Bottom-trawl fisheries may supply us with much of the tasty fish we like to enjoy, but it does come with its problems. Also known as ‘dragging’, bottom trawling essentially involves dragging a large net, held open either with a beam (beam trawling) or large metal/wooden ‘doors’ (otter trawling) along the sea bed, or just above it. It is used to catch a range of commercial species like cod, shrimp, flounder, and halibut. One of the problems of trawling is that it is not a very selective form of fishing. Other species are caught in the process, and this bycatch can include at risk species such as skates, rays and sharks. As well as ecological implications, bycatch can be bad for fishers, who often end up throwing away bycatch either because it isn’t worth anything, or because they are not allowed to land it. Bycatch reduction is a win-win for fishers and for the marine life caught.
Reducing bycatch of sharks, rays, and skates (collectively known as elasmobranchs) in bottom trawls is one of the many fishery-related issues on the mind of scientists at Marine Scotland Science. As this piece of research from the Marine Scotland Science team shows, one possible solution (though not perfect) may not be all that tricky to implement.
Focusing on the fishing gear
Once elasmobranchs end up inside a trawl net, they have little chance to escape. This is particularly the case for skates and rays whose large flat bodies limit escape options from things such as square mesh panels or bycatch grills that are put into the nets to allow smaller fish to escape. The researchers reason that prevention is better than cure, so looked to how they ended up in the nets in the first place. They focused on something called a tickler chain. These optional chains are fitted in front of the mouth of the trawl under the footrope, startling fish in front of the net, causing them to flee from the seabed, eventually ending up in the net. You can see a short video of one of these chains in action. Among this fleeing fish is the endangered elasmobranchs. Remove the ticklers, the researchers hypothesised, and you could reduce skate and ray bycatch. To test this, the researchers set up their own trawl gear, some with ticklers and some without. They used underwater observation to see what was going up beneath the waves, sensors that gave information on the net itself, and of course checked the hauls to see the differences in species composition. They also set up “groundgear bags” behind the net opening where the tickler are set, which would give them a conservative estimate of escape levels underneath the gear.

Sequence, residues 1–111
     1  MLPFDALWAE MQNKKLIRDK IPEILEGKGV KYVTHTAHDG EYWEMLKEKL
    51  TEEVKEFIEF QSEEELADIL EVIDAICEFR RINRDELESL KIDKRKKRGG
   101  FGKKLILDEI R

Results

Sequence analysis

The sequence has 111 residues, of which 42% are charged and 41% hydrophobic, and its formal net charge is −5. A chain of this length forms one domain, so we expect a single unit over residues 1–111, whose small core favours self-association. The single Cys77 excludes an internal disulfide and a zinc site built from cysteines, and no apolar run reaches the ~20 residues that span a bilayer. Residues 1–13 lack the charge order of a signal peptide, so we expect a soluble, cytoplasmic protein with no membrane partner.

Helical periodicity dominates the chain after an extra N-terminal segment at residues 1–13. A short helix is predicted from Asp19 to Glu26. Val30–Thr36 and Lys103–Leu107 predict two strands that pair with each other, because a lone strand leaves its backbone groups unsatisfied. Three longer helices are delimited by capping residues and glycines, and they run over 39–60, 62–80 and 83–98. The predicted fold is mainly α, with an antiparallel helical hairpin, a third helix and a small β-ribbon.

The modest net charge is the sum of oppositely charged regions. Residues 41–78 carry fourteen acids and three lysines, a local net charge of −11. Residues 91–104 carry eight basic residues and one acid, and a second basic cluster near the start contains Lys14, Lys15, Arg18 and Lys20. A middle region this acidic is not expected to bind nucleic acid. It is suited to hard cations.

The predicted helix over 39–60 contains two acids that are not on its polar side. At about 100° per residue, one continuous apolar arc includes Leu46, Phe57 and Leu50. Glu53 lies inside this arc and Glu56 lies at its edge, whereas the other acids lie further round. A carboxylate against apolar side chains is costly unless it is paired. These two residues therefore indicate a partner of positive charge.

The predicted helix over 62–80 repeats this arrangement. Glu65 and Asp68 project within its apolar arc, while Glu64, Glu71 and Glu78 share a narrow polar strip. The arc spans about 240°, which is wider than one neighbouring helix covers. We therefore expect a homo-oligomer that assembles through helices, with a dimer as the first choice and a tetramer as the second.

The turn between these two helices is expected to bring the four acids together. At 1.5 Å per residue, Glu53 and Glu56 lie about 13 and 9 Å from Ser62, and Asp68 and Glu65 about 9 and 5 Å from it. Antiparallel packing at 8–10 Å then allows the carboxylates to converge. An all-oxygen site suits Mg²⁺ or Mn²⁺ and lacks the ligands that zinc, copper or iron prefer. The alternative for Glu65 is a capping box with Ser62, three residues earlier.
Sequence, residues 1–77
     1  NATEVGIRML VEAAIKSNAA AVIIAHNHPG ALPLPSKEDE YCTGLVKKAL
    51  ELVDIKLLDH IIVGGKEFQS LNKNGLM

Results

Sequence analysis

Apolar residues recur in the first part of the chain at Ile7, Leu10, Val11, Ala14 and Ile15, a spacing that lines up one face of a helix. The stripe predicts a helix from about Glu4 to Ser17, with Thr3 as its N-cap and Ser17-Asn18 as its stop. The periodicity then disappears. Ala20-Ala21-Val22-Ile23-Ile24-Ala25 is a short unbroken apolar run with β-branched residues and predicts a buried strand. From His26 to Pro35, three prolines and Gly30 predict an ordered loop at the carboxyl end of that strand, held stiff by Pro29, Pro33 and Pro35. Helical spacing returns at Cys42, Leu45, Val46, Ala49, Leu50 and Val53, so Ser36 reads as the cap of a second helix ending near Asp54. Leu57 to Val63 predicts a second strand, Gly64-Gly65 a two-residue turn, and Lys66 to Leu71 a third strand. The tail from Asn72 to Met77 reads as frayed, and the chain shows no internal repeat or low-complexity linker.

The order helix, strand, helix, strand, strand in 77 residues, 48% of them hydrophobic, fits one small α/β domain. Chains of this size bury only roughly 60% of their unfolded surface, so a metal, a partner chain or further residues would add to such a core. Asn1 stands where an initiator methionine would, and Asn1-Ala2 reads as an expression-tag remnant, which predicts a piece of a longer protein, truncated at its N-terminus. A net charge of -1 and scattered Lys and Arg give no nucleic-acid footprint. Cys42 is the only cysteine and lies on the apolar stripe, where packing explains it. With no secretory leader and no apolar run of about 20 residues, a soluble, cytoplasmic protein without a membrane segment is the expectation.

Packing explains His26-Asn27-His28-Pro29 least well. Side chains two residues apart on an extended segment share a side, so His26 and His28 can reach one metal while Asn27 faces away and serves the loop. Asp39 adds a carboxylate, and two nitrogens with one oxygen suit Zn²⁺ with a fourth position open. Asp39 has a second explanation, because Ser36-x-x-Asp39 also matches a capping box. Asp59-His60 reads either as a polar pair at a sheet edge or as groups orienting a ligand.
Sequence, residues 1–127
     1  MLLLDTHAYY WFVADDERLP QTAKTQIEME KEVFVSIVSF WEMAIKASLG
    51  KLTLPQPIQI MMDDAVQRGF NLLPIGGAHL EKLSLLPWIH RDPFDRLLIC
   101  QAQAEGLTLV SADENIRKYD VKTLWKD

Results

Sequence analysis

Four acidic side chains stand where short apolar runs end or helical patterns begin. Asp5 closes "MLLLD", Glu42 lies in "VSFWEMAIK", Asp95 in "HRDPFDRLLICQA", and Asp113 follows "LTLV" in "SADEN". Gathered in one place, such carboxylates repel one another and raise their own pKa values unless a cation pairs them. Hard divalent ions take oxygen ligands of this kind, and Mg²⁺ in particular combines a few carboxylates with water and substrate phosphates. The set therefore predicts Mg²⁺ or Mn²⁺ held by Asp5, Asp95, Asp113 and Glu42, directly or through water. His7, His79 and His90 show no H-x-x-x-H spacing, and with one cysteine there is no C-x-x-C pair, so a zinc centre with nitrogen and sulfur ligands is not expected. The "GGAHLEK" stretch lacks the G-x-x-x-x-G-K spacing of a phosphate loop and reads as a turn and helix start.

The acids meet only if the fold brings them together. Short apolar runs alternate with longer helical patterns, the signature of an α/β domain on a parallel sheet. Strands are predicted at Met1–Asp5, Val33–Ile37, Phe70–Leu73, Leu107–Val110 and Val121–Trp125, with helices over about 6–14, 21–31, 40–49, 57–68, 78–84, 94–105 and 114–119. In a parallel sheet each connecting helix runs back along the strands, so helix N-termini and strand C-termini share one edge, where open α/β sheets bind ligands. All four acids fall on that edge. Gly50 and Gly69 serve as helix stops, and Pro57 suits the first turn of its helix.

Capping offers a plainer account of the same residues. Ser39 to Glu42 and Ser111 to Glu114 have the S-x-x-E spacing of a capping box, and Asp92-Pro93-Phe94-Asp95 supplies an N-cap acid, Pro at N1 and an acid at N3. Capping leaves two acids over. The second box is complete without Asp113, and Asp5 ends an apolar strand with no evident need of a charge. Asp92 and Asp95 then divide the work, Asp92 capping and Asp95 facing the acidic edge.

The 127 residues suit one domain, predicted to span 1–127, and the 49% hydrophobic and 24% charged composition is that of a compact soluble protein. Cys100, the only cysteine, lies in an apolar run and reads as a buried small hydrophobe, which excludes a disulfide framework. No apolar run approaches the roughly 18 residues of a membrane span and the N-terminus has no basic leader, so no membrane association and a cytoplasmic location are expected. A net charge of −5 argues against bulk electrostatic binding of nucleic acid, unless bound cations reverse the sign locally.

Tickler removal makes a big difference
The research produced some statistically significant findings. Use of the tickler increased the catch of skates, rays, and sharks. 3.6 times more skates and rays were caught in the trawl net when the tickler was used than without. Shark catch rates were not as high, but still significant – 1.6 times higher with ticklers than without. Mirroring these results, the ground bags which were used to estimate escape levels, suggested that a greater portion of elasmobranchs escape the trawl when ticklers are removed.
What about the fisher’s catch?
The whole point of the tickler is to improve catches on smooth seabeds (the chains are removed for rough ground as they are more likely to snag), so removing them could have an impact on the very fish the fishers are targeting. Removing the tickler significantly lowered catch of anglerfish, a species with high commercial value. Catches of other species – haddock and whiting, as well as flatfishes – weren’t compromised. The researchers reason that this means ticklers could be removed when targeting haddock and whiting without causing hardship on the fisher. However, when fishers want to catch anglerfish, tickler removal may be a bigger problem for the fisher. To find a middle ground between conservation and fisheries objectives, they suggest combining information on species distribution and abundance to manage where (and likely when) ticklers should be removed. Under this scenario, fishers would remove ticklers where elasmobranchs were known to be.
What happens to the skates and rays that the trawl passes over?
If an animal doesn’t end up in the net and remains on/just under the sea bed surface, then the trawl will pass over it. The researchers note that there is evidence that common skates at least may survive, but this is an area that needs further exploration. They do make one very good point…that “overall, the likelihood of survival after being passed-over by a trawl is likely to be higher than when discarded after having been towed, brought to the surface and handled”.
Read the research for yourself
The paper was published in the ICES Journal of Marine Science. The authors have paid to make it open access so why not have a read of the research yourself http://dx.doi.org/10.1093/icesjms/fsv037.
Image: This image, taken off Baja California, shows bycatch in a shrimp trawl fishery. Credit: Elliott Norse, Marine Conservation Institute/Marine Photobank